Gross Exposes $42 Trillion Bond Market’s Key Flaw in ExitLisa Abramowicz
One man shook a $42 trillion bond market last week, highlighting just how vulnerable bond prices are to shocks.
Bill Gross’s surprise departure on Friday from Pacific Investment Management Co. sparked selloffs in some of his biggest wagers, such as inflation-protected U.S. government bonds. The most-traded assets quickly recovered after the exit of the star trader, who dominated the $2 trillion asset manager’s investment strategy. But the less-traded ones are still feeling the effects, according to David Leduc, chief investment officer at Standish Mellon Asset Management Co.
“What you’re seeing most of is a lack of liquidity in the bond market,” said Christopher Orndorff, a money manager at Western Asset Management Co. “When you get a dislocation like this, it tends to exacerbate price movements maybe more than what you’d have seen 10 years ago.”
One person -- even a really important person -- pushing around borrowing costs for nations and companies worldwide, however briefly, shows the increasing fragility of credit markets that have swelled on the heels of trillions of dollars of central-bank stimulus. Debt still largely changes hands off exchanges, through telephone calls and e-mails.
It’s become increasingly difficult to buy and sell debt as new regulations prompt Wall Street banks to curtail their holdings. Average daily trading in the U.S. bond market fell to $809 billion in 2013 from $1.04 trillion in 2008, according to data compiled by the Securities Industry & Financial Markets Association.
Banks are less willing to cushion big swings using their own balance sheets and Gross’s exit shows just how little it takes to move the needle in the global bond market, which has ballooned by 48 percent since 2008.
The day Gross left Pimco to join Janus Capital Group Inc., Mexican government bonds declined 0.3 percent, inflation-protected U.S. bonds lost 0.4 percent and debt of Verizon Communications Inc. -- one of his bigger company holdings -- dropped 0.3 percent. That compares with a 0.05 percent decline on the Bank of America Merrill Lynch Global Broad Market Index.
The moves also illustrate the dominance of the world’s biggest bond fund in a market where dealers’ roles are shrinking. While some investment firms, such as Vanguard Group Inc., have closed bond funds to new investors over the past few years when they got too big, Pimco allowed the Total Return fund to swell to as much as $293 billion.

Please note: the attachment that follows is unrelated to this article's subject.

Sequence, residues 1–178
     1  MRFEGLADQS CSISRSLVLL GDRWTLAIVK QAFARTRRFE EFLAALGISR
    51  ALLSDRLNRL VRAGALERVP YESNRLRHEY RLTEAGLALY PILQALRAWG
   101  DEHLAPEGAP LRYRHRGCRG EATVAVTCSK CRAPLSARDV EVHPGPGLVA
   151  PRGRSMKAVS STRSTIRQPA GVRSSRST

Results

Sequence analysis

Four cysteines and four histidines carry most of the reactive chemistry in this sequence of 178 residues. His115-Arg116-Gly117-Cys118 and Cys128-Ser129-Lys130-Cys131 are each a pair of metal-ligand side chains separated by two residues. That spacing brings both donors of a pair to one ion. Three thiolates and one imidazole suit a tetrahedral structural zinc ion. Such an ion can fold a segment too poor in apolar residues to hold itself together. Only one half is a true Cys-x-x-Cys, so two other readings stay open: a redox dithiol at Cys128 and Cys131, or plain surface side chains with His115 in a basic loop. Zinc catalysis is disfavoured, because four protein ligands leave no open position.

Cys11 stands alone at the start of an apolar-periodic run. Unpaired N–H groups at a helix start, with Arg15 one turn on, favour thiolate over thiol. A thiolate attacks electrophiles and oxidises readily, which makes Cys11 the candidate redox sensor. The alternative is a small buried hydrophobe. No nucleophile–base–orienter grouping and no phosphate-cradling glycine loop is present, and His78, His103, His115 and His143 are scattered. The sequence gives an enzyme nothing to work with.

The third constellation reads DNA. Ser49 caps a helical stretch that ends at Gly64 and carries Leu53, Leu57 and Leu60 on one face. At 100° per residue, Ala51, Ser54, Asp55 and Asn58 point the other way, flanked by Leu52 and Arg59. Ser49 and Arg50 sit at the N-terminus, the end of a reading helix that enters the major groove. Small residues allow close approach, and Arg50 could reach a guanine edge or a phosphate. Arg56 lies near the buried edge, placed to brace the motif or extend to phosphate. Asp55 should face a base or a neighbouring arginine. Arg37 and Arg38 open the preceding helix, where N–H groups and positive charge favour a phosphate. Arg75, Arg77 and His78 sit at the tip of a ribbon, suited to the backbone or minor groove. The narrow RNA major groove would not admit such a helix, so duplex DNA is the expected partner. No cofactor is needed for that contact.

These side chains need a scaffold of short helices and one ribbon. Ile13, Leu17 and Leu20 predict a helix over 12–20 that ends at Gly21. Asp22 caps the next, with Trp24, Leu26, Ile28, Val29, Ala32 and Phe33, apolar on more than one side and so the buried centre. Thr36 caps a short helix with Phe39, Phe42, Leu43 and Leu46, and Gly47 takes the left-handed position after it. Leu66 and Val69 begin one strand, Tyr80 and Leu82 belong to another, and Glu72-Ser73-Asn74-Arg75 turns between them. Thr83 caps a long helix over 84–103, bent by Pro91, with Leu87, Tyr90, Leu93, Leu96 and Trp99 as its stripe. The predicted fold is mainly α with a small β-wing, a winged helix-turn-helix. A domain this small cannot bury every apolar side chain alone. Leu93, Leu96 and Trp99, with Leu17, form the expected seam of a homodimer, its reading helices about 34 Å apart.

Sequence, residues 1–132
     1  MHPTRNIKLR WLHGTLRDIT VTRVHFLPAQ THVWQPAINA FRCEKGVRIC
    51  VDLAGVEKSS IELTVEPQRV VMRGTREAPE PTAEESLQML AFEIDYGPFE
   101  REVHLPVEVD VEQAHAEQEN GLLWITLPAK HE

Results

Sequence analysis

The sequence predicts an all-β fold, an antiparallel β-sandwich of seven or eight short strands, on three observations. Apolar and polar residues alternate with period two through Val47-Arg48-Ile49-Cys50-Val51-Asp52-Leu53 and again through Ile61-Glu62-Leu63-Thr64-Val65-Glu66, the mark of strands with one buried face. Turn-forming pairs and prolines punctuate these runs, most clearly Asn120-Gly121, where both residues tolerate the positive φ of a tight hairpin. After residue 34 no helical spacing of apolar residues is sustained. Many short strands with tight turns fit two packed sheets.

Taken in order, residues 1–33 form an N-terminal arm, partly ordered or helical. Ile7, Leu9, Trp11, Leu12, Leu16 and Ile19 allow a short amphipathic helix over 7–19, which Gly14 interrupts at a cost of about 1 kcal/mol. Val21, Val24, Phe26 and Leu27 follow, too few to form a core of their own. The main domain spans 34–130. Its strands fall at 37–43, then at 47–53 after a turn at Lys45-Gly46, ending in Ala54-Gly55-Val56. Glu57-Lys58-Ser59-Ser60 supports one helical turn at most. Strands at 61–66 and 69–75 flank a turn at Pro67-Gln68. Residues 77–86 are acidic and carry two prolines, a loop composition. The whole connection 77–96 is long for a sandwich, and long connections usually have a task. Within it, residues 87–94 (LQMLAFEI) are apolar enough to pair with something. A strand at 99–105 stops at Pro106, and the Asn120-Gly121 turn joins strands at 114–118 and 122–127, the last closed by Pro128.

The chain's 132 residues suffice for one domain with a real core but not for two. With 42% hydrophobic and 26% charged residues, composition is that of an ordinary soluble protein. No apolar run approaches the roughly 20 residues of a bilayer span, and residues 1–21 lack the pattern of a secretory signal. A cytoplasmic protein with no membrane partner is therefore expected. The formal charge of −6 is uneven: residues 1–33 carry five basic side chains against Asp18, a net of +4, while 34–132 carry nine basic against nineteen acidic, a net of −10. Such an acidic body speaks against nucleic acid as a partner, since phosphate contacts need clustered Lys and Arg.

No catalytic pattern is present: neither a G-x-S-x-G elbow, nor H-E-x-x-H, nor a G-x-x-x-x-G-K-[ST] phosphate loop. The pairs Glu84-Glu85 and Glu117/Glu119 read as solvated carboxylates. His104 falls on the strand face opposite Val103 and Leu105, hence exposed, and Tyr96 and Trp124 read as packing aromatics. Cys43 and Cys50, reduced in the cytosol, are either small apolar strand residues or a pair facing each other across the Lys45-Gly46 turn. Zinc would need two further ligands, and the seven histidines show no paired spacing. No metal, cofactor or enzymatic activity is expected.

“The impact of Total Return’s size remains a question that Morningstar continues to study and examine,” Morningstar Inc. analysts Eric Jacobson and Bridget Hughes wrote in a Sept. 29 report.
While not all the weak spots in the market were due to Gross, investors were concerned that either a new management strategy at the Newport Beach, California, firm or withdrawals could direct money away from his bigger trades.
“Less liquid sectors such as TIPS continued to weaken as a result of Pimco concerns,” Leduc wrote in a Sept. 30 note. “There has not been measurable impact in most liquid sectors.”
Almost six years of near-zero interest rates from the Federal Reserve has suppressed volatility in stocks and government notes, yet the values of some of the least-traded securities have started swinging more in the past few months as investors prepare for rising interest rates by shedding riskier debt.
Junk bonds, for example, plunged 2.1 percent in September, the most since hysteria mounted in June 2013 that rates would rapidly rise as the Fed curtailed its asset purchases. In August, the securities gained 1.5 percent after tumbling 1.3 percent in July, according to a Bank of America Merrill Lynch index of dollar-denominated debt.
Record monetary stimulus has fueled gains of 30 percent on bonds globally since the end of 2008 and concern is mounting about what happens when borrowing costs increase. Flows may reverse, causing losses that spur others to sell, and resulting in a spiraling selloff.
The effects of Gross’s departure from Pimco will probably fade away soon enough. The inability to quickly trade in many parts of the debt market is the bigger issue.